Mr Sarkozy said he was not prepared to compromise European values
Chinese state media has launched a co-ordinated attack on French President Nicolas Sarkozy for meeting Tibet's spiritual leader, the Dalai Lama.
One newspaper said he had shown the "wild ambition of a king of the world". Another accused him of his duplicity.
French websites have been hacked and material hostile to France and its president has appeared prominently on Chinese internet forums, reports say.
Mr Sarkozy countered that he would not compromise on "European values".
He met the 73-year-old Tibetan leader at a gathering of Nobel Peace Prize winners in Poland last Saturday, despite Chinese protests.
Beijing accuses the Dalai Lama of leading a movement for Tibet's full independence from China.
The spiritual leader said last week he was seeking autonomy within China, rather than independence from it, but he also urged the European Union - China's biggest trading partner - to stand up to Beijing on human rights.
The meeting infuriated Beijing, with state media reporting Deputy Foreign Minister He Yafei as saying it had "undermined the political foundations of Sino-French and Sino-European ties".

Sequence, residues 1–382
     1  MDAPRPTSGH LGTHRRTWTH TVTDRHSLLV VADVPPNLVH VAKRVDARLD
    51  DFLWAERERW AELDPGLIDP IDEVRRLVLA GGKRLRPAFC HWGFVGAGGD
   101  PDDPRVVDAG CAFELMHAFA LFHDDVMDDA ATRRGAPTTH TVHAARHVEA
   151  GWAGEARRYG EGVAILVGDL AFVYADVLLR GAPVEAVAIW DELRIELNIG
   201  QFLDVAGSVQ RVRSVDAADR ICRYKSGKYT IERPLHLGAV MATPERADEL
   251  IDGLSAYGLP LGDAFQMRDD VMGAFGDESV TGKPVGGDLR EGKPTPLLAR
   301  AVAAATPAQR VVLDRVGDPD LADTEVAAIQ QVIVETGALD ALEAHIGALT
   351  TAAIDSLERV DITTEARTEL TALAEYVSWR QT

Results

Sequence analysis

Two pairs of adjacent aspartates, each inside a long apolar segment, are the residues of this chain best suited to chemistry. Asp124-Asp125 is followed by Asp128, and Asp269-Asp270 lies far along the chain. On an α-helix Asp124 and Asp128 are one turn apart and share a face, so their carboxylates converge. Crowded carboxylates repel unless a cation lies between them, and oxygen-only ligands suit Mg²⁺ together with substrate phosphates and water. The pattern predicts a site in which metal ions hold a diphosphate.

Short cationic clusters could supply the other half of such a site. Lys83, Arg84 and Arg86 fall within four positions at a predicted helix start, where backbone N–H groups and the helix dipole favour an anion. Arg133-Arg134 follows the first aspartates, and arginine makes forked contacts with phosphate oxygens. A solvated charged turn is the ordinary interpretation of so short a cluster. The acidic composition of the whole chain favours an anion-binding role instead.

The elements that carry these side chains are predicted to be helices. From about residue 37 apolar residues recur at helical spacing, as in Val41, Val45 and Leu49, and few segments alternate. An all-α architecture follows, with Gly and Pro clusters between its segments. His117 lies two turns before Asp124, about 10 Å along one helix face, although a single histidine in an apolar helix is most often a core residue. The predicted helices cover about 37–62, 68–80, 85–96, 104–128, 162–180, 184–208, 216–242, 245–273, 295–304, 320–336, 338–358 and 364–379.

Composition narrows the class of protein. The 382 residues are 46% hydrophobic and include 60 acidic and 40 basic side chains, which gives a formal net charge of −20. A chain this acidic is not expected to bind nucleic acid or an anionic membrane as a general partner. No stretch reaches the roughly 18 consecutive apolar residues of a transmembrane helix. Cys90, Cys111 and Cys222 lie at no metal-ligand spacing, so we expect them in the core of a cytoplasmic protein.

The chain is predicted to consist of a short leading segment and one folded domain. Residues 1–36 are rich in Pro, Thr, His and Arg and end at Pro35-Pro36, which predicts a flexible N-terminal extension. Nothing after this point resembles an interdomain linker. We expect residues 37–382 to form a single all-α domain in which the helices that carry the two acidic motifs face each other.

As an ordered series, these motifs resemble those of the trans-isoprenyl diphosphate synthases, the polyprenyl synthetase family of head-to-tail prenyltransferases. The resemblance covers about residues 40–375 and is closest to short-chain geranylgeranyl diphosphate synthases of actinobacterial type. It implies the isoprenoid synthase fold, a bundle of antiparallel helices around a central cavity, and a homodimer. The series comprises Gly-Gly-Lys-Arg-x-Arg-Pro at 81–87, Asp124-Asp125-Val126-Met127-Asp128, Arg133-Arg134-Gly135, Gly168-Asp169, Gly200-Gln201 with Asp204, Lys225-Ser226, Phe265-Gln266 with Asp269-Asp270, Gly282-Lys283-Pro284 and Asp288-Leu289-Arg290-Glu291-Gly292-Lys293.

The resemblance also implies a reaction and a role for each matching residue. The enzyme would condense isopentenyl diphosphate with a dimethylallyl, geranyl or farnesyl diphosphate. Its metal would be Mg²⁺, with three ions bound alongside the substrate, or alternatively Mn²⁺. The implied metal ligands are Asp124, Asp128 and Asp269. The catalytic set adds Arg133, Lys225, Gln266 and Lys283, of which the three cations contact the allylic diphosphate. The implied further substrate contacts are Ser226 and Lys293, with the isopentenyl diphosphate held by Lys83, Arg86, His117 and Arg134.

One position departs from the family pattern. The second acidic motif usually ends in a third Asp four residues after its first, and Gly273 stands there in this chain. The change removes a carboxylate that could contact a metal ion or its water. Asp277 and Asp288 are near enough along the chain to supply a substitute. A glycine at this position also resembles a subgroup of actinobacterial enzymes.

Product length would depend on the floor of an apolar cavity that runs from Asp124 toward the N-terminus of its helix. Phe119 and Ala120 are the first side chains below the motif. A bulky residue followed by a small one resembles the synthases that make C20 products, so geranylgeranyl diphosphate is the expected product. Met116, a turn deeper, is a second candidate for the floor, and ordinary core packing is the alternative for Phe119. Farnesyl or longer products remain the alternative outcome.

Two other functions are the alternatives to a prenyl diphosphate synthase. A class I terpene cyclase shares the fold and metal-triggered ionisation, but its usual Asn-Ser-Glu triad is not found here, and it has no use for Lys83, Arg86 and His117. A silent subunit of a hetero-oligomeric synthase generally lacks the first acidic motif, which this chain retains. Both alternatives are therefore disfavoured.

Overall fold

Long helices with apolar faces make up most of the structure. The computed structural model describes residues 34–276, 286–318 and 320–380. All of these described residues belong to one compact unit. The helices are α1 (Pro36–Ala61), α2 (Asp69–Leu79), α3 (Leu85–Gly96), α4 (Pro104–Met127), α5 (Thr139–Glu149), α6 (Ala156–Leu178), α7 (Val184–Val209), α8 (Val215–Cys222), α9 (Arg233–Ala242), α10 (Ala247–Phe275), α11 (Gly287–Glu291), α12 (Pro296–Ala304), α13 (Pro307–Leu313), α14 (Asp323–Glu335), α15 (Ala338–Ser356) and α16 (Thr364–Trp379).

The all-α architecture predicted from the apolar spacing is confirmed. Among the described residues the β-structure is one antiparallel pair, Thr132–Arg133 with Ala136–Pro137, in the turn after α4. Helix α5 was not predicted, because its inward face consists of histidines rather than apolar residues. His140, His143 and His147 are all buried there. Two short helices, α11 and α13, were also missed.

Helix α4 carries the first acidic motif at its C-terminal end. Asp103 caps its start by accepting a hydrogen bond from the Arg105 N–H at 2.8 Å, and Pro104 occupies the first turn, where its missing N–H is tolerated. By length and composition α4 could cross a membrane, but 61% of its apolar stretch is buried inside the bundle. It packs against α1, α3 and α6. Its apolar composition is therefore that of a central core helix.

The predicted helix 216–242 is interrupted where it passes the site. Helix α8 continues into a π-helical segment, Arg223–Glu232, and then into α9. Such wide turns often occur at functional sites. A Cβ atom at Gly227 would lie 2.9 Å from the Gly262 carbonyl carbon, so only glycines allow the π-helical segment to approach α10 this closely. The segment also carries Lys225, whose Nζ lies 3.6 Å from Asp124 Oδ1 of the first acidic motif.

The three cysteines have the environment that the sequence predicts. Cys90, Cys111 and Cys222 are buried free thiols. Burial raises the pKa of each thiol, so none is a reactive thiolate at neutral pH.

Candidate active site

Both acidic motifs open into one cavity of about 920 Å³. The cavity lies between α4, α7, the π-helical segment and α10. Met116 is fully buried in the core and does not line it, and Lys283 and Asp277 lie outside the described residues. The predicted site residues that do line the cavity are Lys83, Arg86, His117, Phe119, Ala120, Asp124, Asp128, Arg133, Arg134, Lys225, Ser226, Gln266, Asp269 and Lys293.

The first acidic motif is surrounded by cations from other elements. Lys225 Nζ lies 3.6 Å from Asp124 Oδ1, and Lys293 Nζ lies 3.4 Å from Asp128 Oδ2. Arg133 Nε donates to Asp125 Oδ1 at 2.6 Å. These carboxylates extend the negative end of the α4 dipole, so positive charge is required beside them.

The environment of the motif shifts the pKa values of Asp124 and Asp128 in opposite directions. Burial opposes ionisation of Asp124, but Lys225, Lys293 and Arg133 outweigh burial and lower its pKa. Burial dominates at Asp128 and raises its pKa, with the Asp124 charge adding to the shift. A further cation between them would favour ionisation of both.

In an article discussing "the wild ambition of the king of the world", the government-controlled Global Times described Mr Sarkozy as "a poor human rights defender" who had "roused the indignation of the Chinese people" with the meeting.
"The French president knowingly offended the people he now says he wants to befriend, without showing repentance," said the English-language China Daily in an editorial.
Meanwhile, Chinese online forums were peppered with derisory comments about the French president, with one of the less offensive insults calling him a "little clown".
Speaking at an EU summit in Brussels on Friday, the French president said he "regretted" the tensions with China, but insisted France was a friend of China, rather than a "vassal".
Mr Sarkozy said he regretted any tensions caused by the meeting
"It is in Europe's interest to have good relations with China and it is in China's interest to have good relations with Europe," he said.
"We will find the means to talk again, but not at the price of denying our own European values."
In protest against the meeting, Beijing cancelled an EU-China summit which France - the current holder of the rotating presidency of the European Union - was to host.
China also warned bilateral trade ties could be damaged, but no reports of cancelled contracts have so far emerged.
Also on Friday, United Nations Secretary General Ban Ki-moon called on China to continue its dialogue with the Dalai Lama's representatives after talks broke down last month.
"I hope the Chinese authorities will continue to resolve this issue through dialogue," he said.
Although Tibet has enjoyed long periods of self-rule, China maintains that it has always been an integral part of its territory.
Chinese Communist forces invaded the Himalayan region in 1950 and have ruled there ever since.